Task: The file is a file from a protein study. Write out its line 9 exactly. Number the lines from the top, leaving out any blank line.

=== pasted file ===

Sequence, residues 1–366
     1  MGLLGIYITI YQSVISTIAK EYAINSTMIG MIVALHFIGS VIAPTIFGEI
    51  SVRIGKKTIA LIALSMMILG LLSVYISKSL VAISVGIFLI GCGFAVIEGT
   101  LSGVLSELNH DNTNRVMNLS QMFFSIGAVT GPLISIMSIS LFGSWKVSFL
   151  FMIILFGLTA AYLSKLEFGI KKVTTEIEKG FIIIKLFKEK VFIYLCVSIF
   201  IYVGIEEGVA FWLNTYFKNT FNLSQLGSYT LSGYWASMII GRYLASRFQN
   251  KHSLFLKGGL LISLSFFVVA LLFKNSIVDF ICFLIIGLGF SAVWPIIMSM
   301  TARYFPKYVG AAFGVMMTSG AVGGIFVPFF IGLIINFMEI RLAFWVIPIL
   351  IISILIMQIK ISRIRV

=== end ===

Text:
   351  IISILIMQIK ISRIRV